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Are we aware of what social environment your child thrives in daily? Are the teachers who are educating our children, the right person to get the job done? What are the success rates of our children in the coming future? Are there similarities between public school and home school? Do you know the answers to these questions?
There are similarities between public education and home schooled children, but let’s face it, there are differences in who will be educating our children, how much school will cost out of our pockets, whether our children will develop healthy relationships with other children their age, and whether or not our children will become successful human beings in society. This essay examines all your concerns as parents with school-aged children, and what education method may be better for your child’s future.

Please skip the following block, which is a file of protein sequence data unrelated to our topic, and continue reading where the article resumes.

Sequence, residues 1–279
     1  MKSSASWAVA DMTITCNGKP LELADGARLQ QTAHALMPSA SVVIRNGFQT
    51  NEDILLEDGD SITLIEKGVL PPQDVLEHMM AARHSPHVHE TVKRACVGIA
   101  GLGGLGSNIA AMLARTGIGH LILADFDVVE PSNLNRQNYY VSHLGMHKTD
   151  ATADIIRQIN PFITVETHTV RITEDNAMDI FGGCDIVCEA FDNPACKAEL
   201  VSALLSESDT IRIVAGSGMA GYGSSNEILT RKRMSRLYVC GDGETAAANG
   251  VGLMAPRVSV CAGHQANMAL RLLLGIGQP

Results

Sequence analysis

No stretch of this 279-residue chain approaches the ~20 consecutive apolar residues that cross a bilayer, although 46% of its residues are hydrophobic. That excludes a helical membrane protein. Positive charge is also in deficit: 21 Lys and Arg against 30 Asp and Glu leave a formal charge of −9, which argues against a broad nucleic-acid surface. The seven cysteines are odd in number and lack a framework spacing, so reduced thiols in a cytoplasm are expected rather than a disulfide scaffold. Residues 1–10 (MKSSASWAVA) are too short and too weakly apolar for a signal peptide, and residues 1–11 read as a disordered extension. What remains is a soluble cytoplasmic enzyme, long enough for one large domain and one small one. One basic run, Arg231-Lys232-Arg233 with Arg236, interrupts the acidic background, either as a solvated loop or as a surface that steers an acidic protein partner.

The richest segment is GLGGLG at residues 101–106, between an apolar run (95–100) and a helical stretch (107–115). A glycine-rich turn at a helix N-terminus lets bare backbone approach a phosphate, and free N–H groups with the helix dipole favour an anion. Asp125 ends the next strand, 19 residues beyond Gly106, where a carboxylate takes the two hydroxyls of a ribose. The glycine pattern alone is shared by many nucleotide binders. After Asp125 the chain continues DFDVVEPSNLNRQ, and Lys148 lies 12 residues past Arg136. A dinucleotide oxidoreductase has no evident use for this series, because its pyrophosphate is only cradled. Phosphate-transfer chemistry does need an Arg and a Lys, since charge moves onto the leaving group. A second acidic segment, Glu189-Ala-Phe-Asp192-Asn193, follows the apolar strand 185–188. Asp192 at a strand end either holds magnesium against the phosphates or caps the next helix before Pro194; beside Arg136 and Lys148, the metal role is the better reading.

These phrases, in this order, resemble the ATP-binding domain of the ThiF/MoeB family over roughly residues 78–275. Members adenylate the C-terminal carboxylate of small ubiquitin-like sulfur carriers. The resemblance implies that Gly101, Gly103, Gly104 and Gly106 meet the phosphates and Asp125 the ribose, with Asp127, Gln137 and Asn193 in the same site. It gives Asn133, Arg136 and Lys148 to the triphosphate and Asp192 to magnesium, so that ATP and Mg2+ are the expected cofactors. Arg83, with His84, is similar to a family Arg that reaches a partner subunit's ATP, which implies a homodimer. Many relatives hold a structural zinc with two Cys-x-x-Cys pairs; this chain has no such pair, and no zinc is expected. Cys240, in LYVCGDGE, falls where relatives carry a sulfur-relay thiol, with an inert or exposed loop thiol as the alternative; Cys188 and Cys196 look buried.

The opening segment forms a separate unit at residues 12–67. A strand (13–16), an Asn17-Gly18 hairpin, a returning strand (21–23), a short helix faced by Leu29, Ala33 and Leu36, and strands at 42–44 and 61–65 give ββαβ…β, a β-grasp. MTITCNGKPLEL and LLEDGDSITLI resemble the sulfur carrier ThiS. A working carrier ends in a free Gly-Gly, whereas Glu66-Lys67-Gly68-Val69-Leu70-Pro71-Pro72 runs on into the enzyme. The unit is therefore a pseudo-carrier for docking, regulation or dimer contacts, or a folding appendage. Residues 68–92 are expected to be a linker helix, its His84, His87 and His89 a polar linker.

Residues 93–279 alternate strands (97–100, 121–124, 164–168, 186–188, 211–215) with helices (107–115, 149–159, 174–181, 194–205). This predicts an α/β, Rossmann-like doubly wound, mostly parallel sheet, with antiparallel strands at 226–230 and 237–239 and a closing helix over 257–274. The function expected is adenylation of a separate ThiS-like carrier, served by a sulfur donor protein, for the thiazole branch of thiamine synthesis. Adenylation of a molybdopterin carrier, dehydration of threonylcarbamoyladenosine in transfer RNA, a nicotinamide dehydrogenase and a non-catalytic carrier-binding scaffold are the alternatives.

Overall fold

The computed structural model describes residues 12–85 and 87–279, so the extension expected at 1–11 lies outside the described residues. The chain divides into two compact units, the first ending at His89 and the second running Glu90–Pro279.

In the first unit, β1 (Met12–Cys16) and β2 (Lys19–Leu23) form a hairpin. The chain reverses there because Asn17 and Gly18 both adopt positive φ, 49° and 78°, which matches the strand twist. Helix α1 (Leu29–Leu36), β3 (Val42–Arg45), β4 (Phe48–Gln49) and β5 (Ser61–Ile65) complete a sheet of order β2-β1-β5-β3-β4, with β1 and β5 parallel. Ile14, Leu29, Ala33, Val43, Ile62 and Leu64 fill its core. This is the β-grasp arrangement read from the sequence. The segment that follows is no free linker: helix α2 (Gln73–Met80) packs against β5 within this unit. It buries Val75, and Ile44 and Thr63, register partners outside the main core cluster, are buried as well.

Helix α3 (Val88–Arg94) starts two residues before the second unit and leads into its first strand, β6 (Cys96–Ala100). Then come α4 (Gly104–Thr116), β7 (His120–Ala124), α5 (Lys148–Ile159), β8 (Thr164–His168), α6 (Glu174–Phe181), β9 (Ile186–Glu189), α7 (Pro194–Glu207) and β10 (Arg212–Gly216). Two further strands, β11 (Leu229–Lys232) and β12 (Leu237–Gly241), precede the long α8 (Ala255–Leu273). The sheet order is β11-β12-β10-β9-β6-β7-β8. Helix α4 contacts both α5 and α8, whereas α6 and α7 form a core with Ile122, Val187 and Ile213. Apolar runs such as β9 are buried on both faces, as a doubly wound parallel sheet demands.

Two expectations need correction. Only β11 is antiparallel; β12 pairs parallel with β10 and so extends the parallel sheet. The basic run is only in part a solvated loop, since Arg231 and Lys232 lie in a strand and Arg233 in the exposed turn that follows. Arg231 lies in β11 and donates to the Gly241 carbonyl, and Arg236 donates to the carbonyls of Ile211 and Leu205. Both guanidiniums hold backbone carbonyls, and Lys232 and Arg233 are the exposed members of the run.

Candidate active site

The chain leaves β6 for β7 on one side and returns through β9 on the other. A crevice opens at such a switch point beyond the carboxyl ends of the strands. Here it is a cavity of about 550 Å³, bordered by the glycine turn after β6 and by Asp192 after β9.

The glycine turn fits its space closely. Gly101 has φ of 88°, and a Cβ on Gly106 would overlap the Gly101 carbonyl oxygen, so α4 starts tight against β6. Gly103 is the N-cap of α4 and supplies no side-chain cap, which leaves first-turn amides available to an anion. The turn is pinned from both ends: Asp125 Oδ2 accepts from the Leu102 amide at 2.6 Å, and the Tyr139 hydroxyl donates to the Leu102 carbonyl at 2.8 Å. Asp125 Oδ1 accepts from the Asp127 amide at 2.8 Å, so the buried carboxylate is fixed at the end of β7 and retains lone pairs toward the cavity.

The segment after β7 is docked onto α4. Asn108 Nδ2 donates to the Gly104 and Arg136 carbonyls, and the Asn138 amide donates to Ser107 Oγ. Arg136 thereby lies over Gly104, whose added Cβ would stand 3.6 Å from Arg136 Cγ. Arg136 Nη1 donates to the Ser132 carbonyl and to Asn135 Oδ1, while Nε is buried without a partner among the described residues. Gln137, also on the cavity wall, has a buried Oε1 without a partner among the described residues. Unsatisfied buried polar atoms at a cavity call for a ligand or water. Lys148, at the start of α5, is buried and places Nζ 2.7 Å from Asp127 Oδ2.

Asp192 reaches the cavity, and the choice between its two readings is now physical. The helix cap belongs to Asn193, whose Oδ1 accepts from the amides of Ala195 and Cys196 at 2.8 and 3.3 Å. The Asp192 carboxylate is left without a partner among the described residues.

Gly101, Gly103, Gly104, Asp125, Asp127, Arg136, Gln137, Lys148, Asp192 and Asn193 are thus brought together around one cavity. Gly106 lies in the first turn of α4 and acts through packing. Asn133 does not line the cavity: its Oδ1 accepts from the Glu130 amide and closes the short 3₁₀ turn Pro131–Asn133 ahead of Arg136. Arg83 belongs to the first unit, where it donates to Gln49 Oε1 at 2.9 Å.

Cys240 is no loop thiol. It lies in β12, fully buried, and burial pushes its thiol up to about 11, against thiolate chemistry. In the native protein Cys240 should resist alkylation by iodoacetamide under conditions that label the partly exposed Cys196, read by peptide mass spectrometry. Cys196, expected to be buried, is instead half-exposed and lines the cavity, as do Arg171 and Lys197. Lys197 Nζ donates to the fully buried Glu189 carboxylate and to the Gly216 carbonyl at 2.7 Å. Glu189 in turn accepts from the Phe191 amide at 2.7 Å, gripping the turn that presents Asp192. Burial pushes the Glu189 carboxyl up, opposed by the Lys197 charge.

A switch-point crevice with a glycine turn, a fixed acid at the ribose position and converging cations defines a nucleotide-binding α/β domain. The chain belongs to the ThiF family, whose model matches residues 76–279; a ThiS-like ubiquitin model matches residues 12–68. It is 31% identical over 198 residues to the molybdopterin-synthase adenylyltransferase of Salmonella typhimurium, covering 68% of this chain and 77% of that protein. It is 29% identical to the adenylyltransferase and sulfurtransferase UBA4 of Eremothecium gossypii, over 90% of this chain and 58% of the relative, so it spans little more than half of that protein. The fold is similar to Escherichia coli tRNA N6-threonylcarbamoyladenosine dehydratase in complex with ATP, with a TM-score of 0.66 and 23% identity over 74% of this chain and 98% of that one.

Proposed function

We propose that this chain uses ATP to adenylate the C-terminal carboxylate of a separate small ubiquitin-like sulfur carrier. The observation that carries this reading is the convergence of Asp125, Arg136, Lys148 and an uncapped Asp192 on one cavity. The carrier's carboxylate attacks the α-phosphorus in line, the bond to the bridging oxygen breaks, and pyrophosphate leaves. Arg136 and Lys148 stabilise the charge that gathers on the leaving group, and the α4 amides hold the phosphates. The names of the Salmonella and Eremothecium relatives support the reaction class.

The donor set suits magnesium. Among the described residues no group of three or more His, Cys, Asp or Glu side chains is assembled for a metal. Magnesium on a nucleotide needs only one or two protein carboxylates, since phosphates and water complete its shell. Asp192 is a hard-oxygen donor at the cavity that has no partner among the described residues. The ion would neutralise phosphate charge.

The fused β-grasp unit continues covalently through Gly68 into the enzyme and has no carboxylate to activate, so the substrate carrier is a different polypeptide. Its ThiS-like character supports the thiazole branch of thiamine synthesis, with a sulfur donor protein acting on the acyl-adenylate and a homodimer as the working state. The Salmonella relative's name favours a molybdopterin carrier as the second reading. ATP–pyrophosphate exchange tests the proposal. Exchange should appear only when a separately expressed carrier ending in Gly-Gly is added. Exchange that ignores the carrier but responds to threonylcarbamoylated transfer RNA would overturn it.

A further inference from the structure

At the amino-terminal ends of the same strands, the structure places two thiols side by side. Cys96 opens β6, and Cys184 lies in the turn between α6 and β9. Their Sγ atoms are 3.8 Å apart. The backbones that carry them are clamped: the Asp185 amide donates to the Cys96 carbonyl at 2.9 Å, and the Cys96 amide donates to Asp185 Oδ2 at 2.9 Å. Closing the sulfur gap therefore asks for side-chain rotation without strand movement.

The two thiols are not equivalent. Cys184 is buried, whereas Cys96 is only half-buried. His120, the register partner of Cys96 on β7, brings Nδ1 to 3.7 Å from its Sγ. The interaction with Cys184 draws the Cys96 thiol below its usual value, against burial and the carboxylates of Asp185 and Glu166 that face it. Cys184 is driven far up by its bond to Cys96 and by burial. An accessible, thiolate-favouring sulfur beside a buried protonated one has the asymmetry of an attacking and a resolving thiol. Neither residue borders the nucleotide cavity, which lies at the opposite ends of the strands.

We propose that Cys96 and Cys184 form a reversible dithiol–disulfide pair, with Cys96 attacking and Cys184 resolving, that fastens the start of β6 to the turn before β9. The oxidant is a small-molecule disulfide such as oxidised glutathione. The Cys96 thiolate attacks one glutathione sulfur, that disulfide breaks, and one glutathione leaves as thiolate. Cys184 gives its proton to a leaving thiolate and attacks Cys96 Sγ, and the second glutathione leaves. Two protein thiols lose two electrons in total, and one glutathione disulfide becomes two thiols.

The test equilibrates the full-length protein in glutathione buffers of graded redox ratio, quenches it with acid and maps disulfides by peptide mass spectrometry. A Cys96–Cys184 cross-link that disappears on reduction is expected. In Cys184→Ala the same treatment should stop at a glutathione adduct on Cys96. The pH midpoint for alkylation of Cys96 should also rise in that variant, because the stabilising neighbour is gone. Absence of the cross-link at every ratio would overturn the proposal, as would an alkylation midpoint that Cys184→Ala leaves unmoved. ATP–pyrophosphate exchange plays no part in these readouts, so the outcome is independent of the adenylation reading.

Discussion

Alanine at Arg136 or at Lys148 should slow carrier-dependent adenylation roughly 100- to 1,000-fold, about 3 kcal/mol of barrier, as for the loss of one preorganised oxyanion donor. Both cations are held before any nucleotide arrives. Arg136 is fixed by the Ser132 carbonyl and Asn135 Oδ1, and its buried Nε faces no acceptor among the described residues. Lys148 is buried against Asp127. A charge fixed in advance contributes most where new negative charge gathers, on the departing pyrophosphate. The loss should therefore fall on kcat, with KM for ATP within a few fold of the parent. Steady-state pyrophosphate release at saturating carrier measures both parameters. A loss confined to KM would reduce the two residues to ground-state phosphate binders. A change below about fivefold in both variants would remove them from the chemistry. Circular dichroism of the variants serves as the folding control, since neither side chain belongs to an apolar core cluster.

To many parents in society, it always has been a worry that socialization may become jeopardized in a home school bound child. Many people believe that public educated children learn about socialization from “the school of hard knocks” in a public setting because they have to learn socialization skills on how to act around other children, and teachers, by a trial and error process. Truth is many teachers just do not have enough time in the day to teach every child the correct way to interact with others socially. The good side of social interaction in public schools is that our children do make close friendships in school, and they usually last outside of the classroom walls.